Hot Pepper Peach Jam on the production line at Stonewall Kitchen’s headquarters in York. Photos courtesy of Stonewall Kitchen

Wild blueberry jam, apple cranberry chutney and dark chocolate sea salt caramel sauce are among the fancy-flavored condiments made at Stonewall Kitchen. But at the base of these products are ingredients like eggs and herbs that come from its home state of Maine.

A handsome, garden-filled campus on Route 1 in York is home to the company’s biggest store and production facility, which welcomes more than 500,000 visitors each year, making it one of the state’s largest tourism magnets. There, you can sample endless savory marinades, chunky jams and tangy salsas (and find discounted items – including pottery, table linens and other kitchen and home decor – not often available in the satellite store locations).

Stonewall Kitchen’s company store in York is its biggest and has discounted items that you won’t find elsewhere.

Find yourself a table at the cafe indoors or grab an Adirondack chair on the pergola-capped patio, and then get in line for some delicious baked goods or a meal-sized nosh like the scrumptious lobster B.L.T. with lemon herb aioli on puffy brioche bread.

The campus also offers a year-round schedule of cooking classes demonstrated by professional chefs, which you can sign up for online ( If you want to see how it’s done on a larger scale, swing through the production facility’s viewing gallery and watch through the windows to learn about the company’s process of craft batch jam making.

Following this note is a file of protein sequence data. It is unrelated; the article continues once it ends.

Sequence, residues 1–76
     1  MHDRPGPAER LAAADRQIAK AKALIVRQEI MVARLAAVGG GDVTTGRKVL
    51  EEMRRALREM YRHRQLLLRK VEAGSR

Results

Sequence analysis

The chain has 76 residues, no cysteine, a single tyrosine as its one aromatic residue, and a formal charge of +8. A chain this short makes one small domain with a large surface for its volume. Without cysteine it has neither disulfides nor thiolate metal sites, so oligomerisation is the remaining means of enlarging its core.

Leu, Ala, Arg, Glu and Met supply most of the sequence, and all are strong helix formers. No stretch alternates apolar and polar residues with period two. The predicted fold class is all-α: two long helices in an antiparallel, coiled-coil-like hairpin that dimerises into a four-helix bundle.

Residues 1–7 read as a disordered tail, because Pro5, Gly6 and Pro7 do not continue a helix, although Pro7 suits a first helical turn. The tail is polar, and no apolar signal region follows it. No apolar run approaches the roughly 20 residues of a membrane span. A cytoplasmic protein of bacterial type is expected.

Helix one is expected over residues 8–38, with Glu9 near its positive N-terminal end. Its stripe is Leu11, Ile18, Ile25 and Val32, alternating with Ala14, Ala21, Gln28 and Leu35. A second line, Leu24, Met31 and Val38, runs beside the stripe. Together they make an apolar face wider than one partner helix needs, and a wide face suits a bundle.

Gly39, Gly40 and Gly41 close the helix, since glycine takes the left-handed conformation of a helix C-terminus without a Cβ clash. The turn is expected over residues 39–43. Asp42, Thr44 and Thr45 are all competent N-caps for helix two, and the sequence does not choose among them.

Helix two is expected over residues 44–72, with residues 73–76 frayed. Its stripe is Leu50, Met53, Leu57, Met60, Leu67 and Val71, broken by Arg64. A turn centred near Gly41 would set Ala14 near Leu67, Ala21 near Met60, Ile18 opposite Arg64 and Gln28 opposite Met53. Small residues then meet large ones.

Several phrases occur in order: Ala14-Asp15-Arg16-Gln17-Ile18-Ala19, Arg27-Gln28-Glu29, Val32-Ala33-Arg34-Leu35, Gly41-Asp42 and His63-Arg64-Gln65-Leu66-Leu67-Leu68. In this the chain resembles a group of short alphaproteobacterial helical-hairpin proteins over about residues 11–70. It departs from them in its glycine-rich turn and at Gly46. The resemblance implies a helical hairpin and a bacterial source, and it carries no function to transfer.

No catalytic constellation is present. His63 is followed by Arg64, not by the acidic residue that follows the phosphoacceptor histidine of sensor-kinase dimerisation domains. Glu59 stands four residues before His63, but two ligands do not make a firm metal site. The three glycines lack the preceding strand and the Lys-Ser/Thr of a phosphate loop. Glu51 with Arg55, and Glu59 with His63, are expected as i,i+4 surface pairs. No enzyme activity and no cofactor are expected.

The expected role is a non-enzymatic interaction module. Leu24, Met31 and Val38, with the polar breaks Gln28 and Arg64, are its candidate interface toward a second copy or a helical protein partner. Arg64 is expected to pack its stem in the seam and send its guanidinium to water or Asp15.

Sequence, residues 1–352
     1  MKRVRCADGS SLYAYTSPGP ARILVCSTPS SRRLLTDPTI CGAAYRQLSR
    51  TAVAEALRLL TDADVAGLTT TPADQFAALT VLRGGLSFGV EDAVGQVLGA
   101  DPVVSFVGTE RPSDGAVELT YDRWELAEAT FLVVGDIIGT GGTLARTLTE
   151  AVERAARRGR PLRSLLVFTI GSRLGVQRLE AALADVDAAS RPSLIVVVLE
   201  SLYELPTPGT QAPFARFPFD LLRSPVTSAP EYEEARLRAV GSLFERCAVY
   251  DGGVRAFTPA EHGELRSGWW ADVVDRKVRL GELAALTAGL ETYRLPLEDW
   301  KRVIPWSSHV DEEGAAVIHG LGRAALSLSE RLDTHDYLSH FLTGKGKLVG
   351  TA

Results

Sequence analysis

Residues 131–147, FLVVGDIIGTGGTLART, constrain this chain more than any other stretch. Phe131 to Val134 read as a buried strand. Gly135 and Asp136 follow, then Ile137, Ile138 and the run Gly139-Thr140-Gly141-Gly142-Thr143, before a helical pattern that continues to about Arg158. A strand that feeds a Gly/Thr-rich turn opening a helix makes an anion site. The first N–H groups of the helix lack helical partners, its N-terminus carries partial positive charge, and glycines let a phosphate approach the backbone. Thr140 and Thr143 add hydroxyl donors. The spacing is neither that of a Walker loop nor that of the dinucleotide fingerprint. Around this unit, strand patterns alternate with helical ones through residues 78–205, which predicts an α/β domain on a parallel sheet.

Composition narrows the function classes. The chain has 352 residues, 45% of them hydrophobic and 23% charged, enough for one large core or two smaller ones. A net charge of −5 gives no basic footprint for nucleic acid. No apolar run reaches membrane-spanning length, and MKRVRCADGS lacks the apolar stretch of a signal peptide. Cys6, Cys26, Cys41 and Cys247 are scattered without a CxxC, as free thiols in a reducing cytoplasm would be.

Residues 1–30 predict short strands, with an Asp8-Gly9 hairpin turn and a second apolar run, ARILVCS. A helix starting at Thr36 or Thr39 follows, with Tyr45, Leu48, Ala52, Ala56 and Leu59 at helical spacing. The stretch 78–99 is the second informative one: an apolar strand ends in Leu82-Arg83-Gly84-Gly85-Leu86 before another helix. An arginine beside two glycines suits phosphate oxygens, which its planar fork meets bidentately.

The jam is what got the Stonewall ball rolling. Back in 1991, Jim Stott and Jonathan King started selling handmade jars of it at a local farmers’ market, and then expanded to sauces, mustards, condiments, baking mixes and more. These days, their products are sold in upwards of 6,000 locations nationally and internationally, and they have won more than 25 coveted awards from the Specialty Food Association, including the top awards in the industry.

The company still prioritizes using as many local, high-quality Maine ingredients as possible, including in its baking mixes for both traditional and creative goods, from scones to lemon fig shortbread squares. The line of aioli has its own cult following, for flavors like the incendiary ghost pepper, as does the fire-roasted salsa and spicy corn relish. Company classics like the old farmhouse chutney can jazz up sandwiches and cheese platters, and the lemon curd might less often get spread on anything than eaten by the spoonful.

Alexandra Hall is a longtime New England lifestyle writer who recently moved to Maine.

Comments are no longer available on this story